6 things you need to know before you add a compost bin to your garden

June 30, 2015

Turn kitchen scraps, yard waste and garden trimmings into the rich organic matter known as compost.

6 things you need to know before you add a compost bin to your garden

About compost

Packed with vital nutrients, compost is made by mixing a huge range of materials together, dampening them well and letting them decompose in a pile or bin.

  • Turn the mixture from time to time to add air, and after several weeks—or sometimes months—you'll have the finest soil amendment nature knows how to make.
  • Fold crumbly compost into garden soil or use it as mulch around trees and shrubs.
  • You can even sift it through a screen and scatter it on your lawn.

1. Build a compost bin

  • Build a compost bin from new or salvaged building materials: chicken wire, wood pallets or concrete blocks.
  • A garbage can makes a compact, manageable compost container if you use a nail to fill it with holes to admit air and allow excess moisture to seep out.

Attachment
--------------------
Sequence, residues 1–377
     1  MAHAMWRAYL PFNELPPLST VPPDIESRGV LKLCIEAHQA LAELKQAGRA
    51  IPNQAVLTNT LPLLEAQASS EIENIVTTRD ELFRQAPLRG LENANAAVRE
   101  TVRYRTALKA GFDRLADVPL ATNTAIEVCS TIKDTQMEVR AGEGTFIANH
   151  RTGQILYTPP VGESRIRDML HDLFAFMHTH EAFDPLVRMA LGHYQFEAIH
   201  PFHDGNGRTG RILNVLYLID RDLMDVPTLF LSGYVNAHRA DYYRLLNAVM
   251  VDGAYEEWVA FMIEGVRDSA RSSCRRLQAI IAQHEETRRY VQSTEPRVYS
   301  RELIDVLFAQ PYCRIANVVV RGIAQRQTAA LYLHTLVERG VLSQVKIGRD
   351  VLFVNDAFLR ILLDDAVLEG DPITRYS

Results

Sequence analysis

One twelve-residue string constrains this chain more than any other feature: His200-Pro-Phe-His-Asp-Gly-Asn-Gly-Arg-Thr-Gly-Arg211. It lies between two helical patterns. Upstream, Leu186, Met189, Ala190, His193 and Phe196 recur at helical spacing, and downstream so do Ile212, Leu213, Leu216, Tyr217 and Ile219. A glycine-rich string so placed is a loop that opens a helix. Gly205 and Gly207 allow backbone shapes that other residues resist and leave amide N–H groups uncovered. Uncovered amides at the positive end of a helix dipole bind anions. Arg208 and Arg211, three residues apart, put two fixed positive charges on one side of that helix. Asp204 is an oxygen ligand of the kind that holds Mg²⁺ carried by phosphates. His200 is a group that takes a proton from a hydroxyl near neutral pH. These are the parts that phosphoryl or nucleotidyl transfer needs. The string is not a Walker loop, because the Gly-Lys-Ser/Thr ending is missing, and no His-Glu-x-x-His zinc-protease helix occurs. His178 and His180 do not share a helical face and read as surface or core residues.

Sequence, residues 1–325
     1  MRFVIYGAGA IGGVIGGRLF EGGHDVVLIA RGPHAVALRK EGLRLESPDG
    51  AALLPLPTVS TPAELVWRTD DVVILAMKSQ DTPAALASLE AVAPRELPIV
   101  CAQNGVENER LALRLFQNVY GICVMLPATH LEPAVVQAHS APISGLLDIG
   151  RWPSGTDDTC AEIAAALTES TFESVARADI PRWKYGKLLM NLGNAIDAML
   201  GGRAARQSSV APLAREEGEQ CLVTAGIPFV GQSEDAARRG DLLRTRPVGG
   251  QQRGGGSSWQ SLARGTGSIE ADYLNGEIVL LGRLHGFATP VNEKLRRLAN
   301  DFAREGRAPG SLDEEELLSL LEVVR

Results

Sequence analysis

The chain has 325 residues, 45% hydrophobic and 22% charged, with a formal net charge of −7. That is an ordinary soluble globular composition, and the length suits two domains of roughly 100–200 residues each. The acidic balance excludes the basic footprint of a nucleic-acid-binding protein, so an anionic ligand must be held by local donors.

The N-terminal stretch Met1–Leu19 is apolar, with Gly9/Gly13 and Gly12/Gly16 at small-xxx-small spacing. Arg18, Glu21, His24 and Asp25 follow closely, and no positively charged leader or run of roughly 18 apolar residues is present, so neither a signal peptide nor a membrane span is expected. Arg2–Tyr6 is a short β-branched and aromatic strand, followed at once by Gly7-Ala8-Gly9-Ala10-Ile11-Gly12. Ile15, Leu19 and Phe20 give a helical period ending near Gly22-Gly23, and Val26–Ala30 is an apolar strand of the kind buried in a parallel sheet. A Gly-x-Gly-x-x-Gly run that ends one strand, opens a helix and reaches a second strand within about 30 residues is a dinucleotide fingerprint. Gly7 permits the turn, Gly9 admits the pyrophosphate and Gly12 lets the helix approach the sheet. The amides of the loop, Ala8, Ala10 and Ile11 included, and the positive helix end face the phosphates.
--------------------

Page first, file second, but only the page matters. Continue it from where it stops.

Whatever materials you use, be sure to build open slats or punch air holes to allow oxygen to enter and speed up the decomposition process.

2. Use shipping pallets

Use shipping pallets to make an animal-proof bin.

  • Assemble four pallets into a square and hold them together with bungee cords.
  • Better yet, make two pallet bins side by side.
  • That way, you can pile fresh materials into one side and use the other for almost-finished compost, which benefits from frequent turning and mixing.

3. Improvise

Make a lightweight compost container by reusing large plastic potting soil bags.

  • Poke about 20 holes in the bag with scissors, fill it with moist material and tie off the top. Leave the bag in the sun to allow heat to facilitate decomposition and shake or turn it occasionally to mix the contents.
  • Take the finished compost to the garden in a wheelbarrow and use it right out of the bag.

4. Check your community resources

  • To help divert kitchen and yard wastes away from landfills, many cities have active composting programs.
  • Some will even provide you with a sturdy bin at little or no cost.

5. Good things for your compost pile

  • Chopped cornstalks
  • Chopped leaves
  • Fruit and vegetable scraps
  • Grass clippings
  • Hay or straw
  • Immature grasses and weeds
  • Manure from vegetarian animals
  • Shrub trimmings

6. Non-compostables to discard in the garbage

  • Diseased plants
  • Invasive weeds
  • Meats and sweet, fatty foods
  • Pet wastes (rabbit manure is okay)
  • Vegetation treated with chemicals
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